Sunday August 5, 2007: The plane banked hard as it took its slot inside a gaggle of interloping tin birds looking to scavenge solid ground for a spell. My window seat provided me a dashboard view of a town whose skyline was a soothing weep of mayhem and mystery, built on hard promises, like a dice game that never gets finished.
Chicago is a stylized ritual of muck and mortar neighborhoods wrestling the waist of high spire glass totems whose fire spills out genius dreamers hopped up on caffeine and anti-depressants. From the sky, none of that matters because it’s a seductive postcard whose come hither purrs love songs from a time so lost to present day, you wouldn’t even bother pasting it to a milk carton.
It had been more than a decade since I’d been to Chi town, and lots had changed. Harry Caray had gone to that big ballpark in the sky and Michael Jordan had retired for good. On the positive side of the ledger, the White Sox had broken a billy goat curse which allowed Shoeless Joe to finally rest in peace. And a Senator named Barack was making big noise on the national level, threatening to make Chicago politics something much more relevant than a punchline reserved for happy hour.
The truth is, the nostalgia didn’t mean a thing to me. I would have been plenty fine meeting her at an Applebee’s in Fargo, North Dakota. Because from the get, it really felt like the moon was throwing us a ladder and the stars were giving us a chance and Al Green was cleaning his soulful pipes for us as if we were close personal friends. And when nothing else matters the way nothing else was mattering to me right then? Well . . I knew I was fucked.
Yes, I should have been a touch spooked by her Shakespearean tragedy of a family history, but I wasn’t cutting or running. It was as if I was provoking the damnedest parts of me into turning another page of this mystery novel called Her. Because she was my favorite Elvis Costello song without even trying.
I stepped off the plane and began reacquainting myself with O’Hare, which always reminded me of a movie set, replete with a full-throated cast of characters bustling around as if there were medals in the offing. I made my way upstairs and then out into the street where I began looking for my ride. I scanned left to right and back again. Nothing. And then a thought rushed up on me before I could stop it. What if she had second thoughts about this meeting?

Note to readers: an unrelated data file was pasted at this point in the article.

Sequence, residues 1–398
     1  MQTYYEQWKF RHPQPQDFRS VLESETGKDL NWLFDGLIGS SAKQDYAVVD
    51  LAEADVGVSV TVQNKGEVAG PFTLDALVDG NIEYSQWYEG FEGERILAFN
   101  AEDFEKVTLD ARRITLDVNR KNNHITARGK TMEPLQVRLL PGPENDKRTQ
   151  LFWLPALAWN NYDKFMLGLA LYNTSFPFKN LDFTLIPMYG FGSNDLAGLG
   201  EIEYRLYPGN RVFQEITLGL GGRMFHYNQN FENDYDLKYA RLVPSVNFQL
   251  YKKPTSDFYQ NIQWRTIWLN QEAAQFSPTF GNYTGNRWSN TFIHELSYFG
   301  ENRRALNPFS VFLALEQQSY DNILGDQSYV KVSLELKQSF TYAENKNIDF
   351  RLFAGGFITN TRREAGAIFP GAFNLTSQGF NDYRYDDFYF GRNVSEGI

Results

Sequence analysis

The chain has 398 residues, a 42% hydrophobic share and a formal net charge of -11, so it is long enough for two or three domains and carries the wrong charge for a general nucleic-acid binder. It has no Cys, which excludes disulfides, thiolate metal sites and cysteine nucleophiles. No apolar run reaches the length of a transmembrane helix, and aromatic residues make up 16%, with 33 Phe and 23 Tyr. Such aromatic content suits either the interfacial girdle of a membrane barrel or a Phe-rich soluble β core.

And then I turned to find her standing by the side of her car looking right at me. She was double take beautiful, with crazy blonde hair that rained down her shoulders. And I was going to be the guy every other guy would envy as soon as I swooped her up.
When I turned and began walking in her direction, she loosed a shy girl smile in my direction as her eyes turned away from mine before they could give too much away. I walked up to her and lifted her into an embrace to make it real. Her response let me know what the rest of our afternoon was going to look like.
I had made reservations at a DoubleTree near her place. As far as her kids were concerned, she had decided against introductions on my initial trip out to see her. We had agreed that it was important to see what our dynamic was going to feel like once we were in the same place at the same time.
It didn’t take long to figure us out, though. As we knocked back a couple of lagers, we talked and laughed and finished each other’s sentences as if we’d been doing it for a lifetime. It felt so much more relevant than a simple connection to another individual. And while I had never really believed in soul mates, she was changing my mind with every spell binding turn.
We went for a walk afterwards, to spin away any of the residual anxiety we might have been holding onto. And that’s when I brought her into me for our first real kiss; a kiss that crushed time into a velvety plush. It wasn’t simply a kiss. No. From that moment on, we would refer to the moment when clarity knocked on our door as The Kiss.
It was the end of the world as we knew it.